Tester: Bush’s budget ‘downright unacceptable’ for veterans
Senator criticizes new fees for vets during Committee hearing
(WASHINGTON, D.C.) – Drawing attention to President Bush's plan to raise fees for veterans, Senator Jon Tester today called President Bush's proposed budget "downright unacceptable" for Americans who served in the military.
Tester criticized the President's budget proposal during a hearing of the Senate Veterans Affairs Committee today in Washington.
"It just doesn't make any sense," Tester said. "I don't understand why raising fees on folks who already have to fight to get the health care they deserve is an option, and I want to be the first in line to pull it off the table."
President Bush announced his budget proposal last week. The President's plan would:
- Impose new annual fees for veterans in order to enroll in the VA, beginning in 2010.
- Nearly double the pharmacy copayment for Priority 8 veterans from $8 to $15. Priority 8 veterans are those who have no service-connected injuries and make around $27,000 per year in Montana.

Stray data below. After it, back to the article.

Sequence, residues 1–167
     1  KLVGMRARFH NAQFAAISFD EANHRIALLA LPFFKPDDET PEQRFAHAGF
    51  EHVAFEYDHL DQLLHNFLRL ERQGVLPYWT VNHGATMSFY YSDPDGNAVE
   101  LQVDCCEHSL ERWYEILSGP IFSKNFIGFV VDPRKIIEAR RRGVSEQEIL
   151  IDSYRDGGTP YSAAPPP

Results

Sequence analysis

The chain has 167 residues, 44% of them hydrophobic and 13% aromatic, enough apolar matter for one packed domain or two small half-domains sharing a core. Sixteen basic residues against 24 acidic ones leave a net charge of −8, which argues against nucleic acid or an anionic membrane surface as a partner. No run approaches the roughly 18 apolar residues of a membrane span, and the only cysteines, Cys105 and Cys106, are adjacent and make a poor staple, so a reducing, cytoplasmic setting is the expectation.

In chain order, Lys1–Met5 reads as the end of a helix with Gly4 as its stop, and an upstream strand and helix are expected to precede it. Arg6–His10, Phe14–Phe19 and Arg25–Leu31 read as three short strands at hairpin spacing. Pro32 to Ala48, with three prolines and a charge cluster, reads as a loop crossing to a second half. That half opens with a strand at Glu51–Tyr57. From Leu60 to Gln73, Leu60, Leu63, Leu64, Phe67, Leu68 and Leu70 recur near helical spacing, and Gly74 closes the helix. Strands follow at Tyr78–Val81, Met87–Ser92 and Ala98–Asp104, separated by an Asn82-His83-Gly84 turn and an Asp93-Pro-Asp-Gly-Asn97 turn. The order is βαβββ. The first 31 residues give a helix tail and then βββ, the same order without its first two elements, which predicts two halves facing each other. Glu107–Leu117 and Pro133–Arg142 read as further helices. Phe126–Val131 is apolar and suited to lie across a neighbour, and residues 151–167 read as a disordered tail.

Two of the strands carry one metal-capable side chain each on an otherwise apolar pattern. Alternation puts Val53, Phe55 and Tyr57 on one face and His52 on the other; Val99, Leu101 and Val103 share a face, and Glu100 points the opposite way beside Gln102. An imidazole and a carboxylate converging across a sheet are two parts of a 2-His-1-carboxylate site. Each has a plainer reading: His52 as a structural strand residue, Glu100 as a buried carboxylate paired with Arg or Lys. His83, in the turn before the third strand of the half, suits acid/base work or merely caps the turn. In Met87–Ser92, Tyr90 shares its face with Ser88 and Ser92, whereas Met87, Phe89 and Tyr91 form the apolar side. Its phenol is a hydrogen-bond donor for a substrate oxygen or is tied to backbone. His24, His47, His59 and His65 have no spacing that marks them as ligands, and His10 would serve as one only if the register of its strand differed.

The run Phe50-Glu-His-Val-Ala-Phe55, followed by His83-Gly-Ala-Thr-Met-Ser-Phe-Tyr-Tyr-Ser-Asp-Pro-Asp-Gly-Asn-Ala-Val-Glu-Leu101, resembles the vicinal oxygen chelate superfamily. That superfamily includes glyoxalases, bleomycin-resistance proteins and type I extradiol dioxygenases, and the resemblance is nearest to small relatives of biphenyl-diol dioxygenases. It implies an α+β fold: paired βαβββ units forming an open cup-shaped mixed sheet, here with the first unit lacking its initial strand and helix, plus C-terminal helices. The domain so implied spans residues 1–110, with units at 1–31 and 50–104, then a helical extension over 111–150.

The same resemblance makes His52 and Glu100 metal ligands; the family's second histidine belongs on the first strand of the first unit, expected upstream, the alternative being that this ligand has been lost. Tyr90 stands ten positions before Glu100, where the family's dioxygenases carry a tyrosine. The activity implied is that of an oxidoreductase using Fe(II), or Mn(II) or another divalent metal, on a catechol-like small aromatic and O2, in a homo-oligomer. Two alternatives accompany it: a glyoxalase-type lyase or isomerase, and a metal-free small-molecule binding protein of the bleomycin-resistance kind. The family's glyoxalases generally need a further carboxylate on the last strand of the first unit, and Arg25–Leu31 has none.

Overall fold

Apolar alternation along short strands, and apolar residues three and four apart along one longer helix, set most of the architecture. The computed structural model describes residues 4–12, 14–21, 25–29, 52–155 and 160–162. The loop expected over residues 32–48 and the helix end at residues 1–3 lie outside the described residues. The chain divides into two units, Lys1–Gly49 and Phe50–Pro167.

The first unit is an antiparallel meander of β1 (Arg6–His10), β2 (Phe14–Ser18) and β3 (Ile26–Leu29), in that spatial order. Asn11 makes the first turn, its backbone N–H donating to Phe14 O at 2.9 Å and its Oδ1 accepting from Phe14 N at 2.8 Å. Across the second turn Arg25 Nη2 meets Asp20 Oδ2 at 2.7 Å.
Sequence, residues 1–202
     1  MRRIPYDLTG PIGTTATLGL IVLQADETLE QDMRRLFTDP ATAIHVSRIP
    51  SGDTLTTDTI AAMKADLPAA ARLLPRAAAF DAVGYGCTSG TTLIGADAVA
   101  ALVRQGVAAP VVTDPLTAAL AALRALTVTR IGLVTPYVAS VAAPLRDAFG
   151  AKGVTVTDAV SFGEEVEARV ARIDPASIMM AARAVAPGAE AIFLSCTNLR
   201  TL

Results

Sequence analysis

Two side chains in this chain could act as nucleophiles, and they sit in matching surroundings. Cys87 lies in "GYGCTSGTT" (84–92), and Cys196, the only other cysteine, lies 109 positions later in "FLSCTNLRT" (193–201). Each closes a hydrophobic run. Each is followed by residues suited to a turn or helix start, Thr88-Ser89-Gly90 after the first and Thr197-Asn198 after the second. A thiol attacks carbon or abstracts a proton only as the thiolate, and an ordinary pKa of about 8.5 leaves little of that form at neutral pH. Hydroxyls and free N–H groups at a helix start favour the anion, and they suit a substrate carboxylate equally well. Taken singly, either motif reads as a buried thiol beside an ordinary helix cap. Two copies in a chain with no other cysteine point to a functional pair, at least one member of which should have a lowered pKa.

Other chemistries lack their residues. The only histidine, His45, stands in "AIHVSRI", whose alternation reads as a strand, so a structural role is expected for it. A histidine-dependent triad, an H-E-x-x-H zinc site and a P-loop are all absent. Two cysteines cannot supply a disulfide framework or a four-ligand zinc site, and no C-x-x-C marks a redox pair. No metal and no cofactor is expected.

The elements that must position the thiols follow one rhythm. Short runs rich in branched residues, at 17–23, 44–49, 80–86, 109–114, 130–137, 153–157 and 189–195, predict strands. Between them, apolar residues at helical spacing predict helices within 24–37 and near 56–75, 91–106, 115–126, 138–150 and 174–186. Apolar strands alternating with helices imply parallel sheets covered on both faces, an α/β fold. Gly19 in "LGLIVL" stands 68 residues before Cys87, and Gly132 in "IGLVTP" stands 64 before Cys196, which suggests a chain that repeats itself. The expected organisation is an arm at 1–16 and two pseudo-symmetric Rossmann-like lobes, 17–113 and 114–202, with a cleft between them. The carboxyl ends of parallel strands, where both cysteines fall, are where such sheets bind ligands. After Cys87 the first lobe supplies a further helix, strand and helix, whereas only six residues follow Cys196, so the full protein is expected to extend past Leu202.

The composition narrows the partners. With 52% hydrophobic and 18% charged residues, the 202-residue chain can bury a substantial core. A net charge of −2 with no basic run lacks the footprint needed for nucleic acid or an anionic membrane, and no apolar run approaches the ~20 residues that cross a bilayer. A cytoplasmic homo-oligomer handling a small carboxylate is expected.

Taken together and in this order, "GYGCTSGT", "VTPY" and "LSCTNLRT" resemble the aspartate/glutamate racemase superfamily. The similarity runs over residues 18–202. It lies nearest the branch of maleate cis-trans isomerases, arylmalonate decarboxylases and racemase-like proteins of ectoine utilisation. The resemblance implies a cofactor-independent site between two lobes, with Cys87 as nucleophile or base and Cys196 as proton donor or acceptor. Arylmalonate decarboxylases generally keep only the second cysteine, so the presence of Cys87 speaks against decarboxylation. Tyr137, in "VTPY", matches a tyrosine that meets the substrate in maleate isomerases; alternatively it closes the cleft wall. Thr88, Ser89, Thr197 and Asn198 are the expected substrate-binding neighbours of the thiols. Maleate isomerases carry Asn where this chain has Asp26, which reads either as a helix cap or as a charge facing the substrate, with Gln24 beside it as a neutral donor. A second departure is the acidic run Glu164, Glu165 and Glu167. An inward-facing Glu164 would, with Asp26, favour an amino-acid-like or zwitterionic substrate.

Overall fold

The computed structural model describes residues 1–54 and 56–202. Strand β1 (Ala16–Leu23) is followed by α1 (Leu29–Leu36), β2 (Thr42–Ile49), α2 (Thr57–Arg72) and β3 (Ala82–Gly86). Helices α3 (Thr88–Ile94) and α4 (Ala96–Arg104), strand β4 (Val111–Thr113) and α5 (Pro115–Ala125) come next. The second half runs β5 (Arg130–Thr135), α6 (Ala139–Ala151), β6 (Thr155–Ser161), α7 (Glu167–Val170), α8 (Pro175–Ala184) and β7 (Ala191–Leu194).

About 12,000 veterans in Montana would be subject to the new fees. President Bush has proposed fee increases for veterans in previous budgets. He estimates the new fees will generate $2.1 billion for the government. The money would not go back to the VA, but rather to the General Fund.
During today's hearing, Tester also said he's disappointed that Priority 8 veterans continue to bear the brunt of budget cuts and increased fees. Approximately 15,000 of Montana's 108,000 veterans are Priority 8 veterans.
In 2003, President Bush decided to no longer allow Priority 8 veterans into the VA. Tester cosponsored legislation, which unanimously passed the Veterans Affairs Committee, that would allow them back into the system.
"Congress is finally making some good progress in living up to the promise our country made to all veterans," Tester said. "The President's budget is a giant step backwards, and we'll see to it that veterans get the funding they deserve. Nothing less."